It's been a while since I've seen a live music event. Or a movie, for that matter. (I'm determined to see Milk before it's out of theaters.) Theater is rather all-consuming for me right now. This was a perfect music event to attend. Ben Jacobson and Andrew Bulbrook played violins, Jonathan Moerschel played the viola and Eric Byers played the cello. We had great seats in Zipper Hall -- a lovely mid-sized concert hall with a great, tall ceiling. The first piece they played was Mozart's String Quartet No. 19 in C Major, K. 465 ("Dissonance," 1785). It was a fabulous contrast for the second piece that they played (with pianist Gloria Cheng), Thomas Ades' Piano Quintet (2000).
Kyle is a fan of Thomas Ades, a young composer (if one can call someone who is exactly the same age as me, 37, "young") who has been in residence at the LA Philharmonic this year.
A small digression. I *do* think that Thomas Ades is a young composer. It seems to me that any classical composer who is alive and working today is a young composer, in a way. What a strange perception of time! If you are not dead (like Mozart and Beethoven and even Rachmaninoff), you are young to me, according to the strange clock in my head. Interesting. I should set my clock that way for playwrights. But maybe then I'd be giving myself too much time, and might waste it...Ades' piece was violent and funny and existential and surprising, and I must e-mail Geoffrey Pope about him. I really liked it!
I know I appreciated the piece more after having the experience of working with Geoffrey and the music he composed for Song of Extinction -- an original piece for the viola that he calls "Disembarking." He composed the first draft several years ago, while he was studying composition at USC, as an undergrad. It was lyrical and lovely -- he's a very talented young man. The notes I gave him had to do with making the piece a bit more violent and angry, to help track the journey of young Max through the play, as he struggles mightily with his mother's impending death. His new version, written in Rochester, New York, where he's now doing graduate work at Eastman, is all that in spades. I loved it.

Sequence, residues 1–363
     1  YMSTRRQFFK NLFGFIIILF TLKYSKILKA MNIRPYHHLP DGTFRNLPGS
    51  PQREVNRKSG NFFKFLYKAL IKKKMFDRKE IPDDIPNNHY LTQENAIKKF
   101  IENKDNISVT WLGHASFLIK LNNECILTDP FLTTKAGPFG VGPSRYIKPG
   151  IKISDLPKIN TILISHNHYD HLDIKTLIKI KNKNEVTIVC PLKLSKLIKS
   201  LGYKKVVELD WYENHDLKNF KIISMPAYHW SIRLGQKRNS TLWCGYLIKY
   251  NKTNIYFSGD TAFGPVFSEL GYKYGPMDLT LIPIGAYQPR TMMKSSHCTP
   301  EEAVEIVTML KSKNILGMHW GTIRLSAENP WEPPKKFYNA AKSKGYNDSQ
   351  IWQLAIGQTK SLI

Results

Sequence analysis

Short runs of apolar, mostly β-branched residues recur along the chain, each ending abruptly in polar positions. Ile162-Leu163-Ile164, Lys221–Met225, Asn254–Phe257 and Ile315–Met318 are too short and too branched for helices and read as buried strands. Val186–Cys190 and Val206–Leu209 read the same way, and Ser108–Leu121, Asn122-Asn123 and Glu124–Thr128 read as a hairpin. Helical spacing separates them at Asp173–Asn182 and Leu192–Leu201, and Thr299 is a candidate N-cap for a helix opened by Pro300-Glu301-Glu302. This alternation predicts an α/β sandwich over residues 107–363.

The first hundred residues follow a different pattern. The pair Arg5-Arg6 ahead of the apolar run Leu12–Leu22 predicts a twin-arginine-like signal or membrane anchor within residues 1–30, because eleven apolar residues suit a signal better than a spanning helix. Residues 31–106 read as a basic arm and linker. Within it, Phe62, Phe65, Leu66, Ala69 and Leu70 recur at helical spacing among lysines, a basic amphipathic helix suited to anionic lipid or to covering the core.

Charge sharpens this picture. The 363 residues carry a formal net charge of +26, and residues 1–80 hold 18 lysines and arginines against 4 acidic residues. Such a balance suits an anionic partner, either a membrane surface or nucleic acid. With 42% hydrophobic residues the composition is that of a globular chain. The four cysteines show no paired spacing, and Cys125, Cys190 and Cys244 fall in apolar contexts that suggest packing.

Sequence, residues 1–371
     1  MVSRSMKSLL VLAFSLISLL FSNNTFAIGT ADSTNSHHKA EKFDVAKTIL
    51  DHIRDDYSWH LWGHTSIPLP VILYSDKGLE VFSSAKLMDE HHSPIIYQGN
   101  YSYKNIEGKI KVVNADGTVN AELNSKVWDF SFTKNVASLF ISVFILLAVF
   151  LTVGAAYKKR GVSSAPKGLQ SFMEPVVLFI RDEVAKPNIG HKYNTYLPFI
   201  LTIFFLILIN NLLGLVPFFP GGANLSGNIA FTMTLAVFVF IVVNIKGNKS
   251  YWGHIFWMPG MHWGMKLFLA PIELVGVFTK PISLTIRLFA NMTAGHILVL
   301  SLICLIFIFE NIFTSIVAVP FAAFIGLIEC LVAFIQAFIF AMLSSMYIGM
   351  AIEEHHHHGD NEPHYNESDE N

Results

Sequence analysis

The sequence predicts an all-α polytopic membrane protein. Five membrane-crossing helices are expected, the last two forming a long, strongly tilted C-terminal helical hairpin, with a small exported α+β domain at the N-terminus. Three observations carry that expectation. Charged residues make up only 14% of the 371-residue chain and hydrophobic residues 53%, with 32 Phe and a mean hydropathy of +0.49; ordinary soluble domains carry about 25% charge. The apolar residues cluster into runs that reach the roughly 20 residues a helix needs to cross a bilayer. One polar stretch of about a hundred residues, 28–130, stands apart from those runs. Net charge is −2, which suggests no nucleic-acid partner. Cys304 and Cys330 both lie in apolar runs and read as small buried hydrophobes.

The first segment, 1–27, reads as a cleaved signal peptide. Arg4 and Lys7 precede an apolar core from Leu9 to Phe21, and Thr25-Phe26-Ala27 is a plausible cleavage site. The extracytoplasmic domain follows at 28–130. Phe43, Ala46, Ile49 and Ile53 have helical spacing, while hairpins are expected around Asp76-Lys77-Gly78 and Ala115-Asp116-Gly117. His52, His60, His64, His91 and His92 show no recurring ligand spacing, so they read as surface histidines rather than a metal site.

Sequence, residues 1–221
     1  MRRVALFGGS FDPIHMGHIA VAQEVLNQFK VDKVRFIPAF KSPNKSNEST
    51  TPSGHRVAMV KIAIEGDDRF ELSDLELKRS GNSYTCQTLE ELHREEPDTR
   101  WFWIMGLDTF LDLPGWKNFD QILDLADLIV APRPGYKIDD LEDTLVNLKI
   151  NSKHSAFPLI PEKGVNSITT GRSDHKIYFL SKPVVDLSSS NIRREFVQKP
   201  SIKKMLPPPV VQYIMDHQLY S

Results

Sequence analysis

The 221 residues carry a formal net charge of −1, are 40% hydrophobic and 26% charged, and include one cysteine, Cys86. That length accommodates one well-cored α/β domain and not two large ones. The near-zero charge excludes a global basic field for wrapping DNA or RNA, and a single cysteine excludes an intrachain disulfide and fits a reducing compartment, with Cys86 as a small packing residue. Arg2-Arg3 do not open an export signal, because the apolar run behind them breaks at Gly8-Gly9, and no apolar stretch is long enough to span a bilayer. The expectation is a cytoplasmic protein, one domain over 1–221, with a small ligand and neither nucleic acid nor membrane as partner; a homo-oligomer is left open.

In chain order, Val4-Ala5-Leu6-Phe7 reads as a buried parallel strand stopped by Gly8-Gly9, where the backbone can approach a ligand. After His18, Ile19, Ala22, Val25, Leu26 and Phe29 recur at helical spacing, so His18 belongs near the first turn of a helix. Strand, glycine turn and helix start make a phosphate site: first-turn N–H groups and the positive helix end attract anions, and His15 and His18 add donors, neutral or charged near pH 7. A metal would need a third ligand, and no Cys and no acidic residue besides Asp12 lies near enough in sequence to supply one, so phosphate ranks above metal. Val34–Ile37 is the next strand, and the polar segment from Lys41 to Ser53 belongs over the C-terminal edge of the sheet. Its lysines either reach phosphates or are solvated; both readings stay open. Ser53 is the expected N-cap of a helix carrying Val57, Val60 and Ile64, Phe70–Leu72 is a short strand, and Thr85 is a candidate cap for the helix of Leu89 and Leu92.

Geoffrey and Mr. Ades were doing some similar things in their pieces of music. They're both more existential than comforting, more rough than lyrical. Things come apart more before they're put back together. They push the instruments to do more things. Plunking (my word for something that's really called pizzicata, where you pluck the strings), strange high sounds in the farthest registers of the instrument... Ades did some intriguing following/falling kinds of sounds in his piece, where the musicians played not in tandem, but just *off* tandem. Which made it all the more powerful when they played together.
I'm going to go buy the Calder Quartet's "Maurice Ravel-Thomas Adès-W.A. Mozart" album on I-Tunes now. Apparently I'm a fan now, too.
That was a lot on music. Here's a little on books. Bought copies of Lanford Wilson's "Burn This" and Helene Hanff's "84, Charing Cross Road" at the used bookstore that's inside Santa Monica Library for 50 cents each. Love Lanford. And the other book is just delightful. Will share it with Mom at Christmas.